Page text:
U.S. Fish & Wildlife Service logo A Unit of the National Wildlife Refuge System
Banner graphic displaying the Fish & Wildlife Service logo and National Wildlife Refuge System tagline

Hamden Slough
National Wildlife Refuge


male ruddy duck on the water
26624 North Tower Road
Detroit Lakes, MN   56501
E-mail: hamdenslough@fws.gov
Phone Number: 218-847-4431
Visit the Refuge's Web Site:
http://www.fws.gov/refuge/hamden_slough/
Many species of waterfowl, including ruddy ducks, rely on the shallow water and prairie habitat that has been restored on the refuge.
Gray horizontal line
  History
Continued . . .

With her were the Minnesota governor and 18 other respected colleagues. They were so impressed with the abundance and diversity of wildlife that Audubon's niece asked the governor to name a township for her famous uncle. Today, the refuge office sits in Audubon Township, one mile from the City of Audubon.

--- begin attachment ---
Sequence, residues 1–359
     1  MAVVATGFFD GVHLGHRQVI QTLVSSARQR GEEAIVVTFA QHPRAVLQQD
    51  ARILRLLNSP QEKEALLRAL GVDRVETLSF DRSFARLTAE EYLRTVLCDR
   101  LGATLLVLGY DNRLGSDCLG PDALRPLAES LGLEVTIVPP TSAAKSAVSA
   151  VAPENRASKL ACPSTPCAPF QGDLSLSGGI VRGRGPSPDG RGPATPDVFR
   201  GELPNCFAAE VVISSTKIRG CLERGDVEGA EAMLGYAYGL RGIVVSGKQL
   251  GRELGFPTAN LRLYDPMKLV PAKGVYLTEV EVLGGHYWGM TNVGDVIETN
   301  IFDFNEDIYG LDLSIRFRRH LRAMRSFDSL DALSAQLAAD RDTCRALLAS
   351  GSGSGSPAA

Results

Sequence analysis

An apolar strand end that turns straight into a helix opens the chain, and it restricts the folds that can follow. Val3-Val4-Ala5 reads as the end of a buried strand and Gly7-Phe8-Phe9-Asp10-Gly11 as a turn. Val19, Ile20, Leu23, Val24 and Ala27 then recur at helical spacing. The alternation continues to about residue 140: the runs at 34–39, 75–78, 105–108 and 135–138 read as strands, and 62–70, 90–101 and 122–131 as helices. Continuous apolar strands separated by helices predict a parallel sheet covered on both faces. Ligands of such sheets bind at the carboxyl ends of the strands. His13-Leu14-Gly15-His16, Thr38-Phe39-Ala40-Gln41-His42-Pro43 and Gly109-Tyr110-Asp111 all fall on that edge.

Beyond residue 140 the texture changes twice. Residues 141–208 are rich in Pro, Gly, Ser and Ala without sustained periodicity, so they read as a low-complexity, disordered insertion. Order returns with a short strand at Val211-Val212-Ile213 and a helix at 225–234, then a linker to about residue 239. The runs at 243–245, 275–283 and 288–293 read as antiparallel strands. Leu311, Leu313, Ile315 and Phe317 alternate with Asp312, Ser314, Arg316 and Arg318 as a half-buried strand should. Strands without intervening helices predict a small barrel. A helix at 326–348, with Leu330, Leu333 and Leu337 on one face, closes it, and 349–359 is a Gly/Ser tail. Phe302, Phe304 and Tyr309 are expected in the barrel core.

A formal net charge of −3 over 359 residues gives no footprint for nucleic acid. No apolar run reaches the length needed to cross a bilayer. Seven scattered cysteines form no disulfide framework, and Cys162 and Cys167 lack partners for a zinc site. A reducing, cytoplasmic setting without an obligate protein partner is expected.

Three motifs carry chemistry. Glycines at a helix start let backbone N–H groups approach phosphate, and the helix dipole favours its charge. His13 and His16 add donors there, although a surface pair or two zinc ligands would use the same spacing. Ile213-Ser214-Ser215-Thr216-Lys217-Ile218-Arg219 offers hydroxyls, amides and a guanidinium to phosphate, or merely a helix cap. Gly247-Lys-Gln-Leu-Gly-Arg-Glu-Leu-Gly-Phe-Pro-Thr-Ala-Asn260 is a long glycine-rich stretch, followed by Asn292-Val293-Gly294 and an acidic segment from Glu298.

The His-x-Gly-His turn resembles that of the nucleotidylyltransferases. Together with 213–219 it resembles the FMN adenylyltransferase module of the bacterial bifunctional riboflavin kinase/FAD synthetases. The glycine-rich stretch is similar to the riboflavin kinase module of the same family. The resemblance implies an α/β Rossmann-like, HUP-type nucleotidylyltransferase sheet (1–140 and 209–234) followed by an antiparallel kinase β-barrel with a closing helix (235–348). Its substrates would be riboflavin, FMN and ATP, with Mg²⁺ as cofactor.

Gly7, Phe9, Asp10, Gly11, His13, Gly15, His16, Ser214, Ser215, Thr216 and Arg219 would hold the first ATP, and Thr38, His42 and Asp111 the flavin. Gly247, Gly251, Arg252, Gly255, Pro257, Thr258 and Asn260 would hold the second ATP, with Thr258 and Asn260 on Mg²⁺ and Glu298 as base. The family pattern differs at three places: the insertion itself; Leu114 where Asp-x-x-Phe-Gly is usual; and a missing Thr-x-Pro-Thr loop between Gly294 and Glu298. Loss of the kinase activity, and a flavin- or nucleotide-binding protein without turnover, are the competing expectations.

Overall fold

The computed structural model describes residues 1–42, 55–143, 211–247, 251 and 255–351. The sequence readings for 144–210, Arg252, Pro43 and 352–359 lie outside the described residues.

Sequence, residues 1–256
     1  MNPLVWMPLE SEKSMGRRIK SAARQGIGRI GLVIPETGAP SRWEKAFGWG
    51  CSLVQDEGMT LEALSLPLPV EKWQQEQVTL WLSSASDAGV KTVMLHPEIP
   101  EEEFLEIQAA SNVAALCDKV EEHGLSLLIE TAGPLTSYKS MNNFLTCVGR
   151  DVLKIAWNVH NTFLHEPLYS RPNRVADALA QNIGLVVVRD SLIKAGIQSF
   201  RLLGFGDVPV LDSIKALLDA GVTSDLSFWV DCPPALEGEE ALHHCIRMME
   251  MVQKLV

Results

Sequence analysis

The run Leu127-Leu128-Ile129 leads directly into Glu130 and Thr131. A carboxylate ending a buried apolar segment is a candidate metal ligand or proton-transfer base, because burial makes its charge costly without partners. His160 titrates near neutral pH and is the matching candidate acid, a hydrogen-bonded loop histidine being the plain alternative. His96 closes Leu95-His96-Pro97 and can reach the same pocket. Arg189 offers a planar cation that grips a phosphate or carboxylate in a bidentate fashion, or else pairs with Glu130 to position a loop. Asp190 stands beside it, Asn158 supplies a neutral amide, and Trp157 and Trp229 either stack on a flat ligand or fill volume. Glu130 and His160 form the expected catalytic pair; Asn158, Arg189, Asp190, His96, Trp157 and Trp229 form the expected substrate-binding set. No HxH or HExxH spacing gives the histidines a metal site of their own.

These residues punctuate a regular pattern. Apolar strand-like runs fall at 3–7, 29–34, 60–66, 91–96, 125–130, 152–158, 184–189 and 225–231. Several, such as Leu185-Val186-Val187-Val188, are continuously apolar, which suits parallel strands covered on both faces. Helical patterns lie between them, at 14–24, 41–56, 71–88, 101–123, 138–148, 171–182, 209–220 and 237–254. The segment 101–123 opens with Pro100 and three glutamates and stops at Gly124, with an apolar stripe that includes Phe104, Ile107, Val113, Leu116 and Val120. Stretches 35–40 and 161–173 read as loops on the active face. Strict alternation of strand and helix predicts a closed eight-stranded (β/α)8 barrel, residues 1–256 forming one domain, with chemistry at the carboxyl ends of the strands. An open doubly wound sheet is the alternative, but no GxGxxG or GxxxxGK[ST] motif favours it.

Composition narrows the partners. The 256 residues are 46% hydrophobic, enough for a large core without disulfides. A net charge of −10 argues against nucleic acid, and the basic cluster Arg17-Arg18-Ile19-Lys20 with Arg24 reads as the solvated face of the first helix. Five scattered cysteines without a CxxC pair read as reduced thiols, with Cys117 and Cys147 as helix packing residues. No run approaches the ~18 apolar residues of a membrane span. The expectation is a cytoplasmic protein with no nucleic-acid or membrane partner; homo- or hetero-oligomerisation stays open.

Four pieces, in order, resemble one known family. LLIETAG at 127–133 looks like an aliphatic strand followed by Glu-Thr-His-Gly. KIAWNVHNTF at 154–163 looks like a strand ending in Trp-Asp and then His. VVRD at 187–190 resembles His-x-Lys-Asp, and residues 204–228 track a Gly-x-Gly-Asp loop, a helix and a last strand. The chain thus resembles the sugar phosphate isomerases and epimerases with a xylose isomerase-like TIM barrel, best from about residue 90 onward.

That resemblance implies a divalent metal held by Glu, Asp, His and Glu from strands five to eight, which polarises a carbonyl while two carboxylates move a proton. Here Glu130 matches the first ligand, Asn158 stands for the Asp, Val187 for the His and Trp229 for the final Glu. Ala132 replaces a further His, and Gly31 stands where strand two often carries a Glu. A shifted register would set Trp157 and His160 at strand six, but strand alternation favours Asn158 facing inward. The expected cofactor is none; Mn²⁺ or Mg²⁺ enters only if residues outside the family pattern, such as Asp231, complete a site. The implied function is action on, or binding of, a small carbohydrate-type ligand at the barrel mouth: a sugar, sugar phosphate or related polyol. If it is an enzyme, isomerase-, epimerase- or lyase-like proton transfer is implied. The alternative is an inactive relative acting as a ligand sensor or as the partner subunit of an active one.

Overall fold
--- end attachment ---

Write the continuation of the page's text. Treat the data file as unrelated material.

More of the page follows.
Stories of Hamden Lake's wildlife prominence have been related by the area's older citizens. Stories include: "My father shot whooping cranes, swans and blue cranes." "My uncle...got 13 mallards with one shot." "She used to catch Northerns (pike) that weighed 11 pounds!" "...my mother would go on skates to check the trap line..." "...would have a whole triple wagon box full of hides to sell."

By the early 1900s, agricultural development resulted in 99% of upland grasses being plowed under and extensive wetland drainage. In 1905, both Minnesota's Department of Health and the U.S. Department of Agriculture began draining Hamden Lake. The agencies developed a far-reaching drainage system, which today empties a 42-square-mile watershed around the lake. Around the refuge alone, more than 55,000 wetlands have been drained.

By the 1930s, local citizens noted the precipitous decline in wildlife populations in the area and asked both the State and Federal governments for some protection. On four separate occasions over the next 50 years, the Minnesota Department of Natural Resources and the U.S. Fish & Wildlife Service considered protecting the area with a refuge.

In September 1989, the Migratory Bird Conservation Commission approved a designated boundary for Hamden Slough Refuge. It is the 452nd refuge of the National Wildlife Refuge System.

 
 
- Back -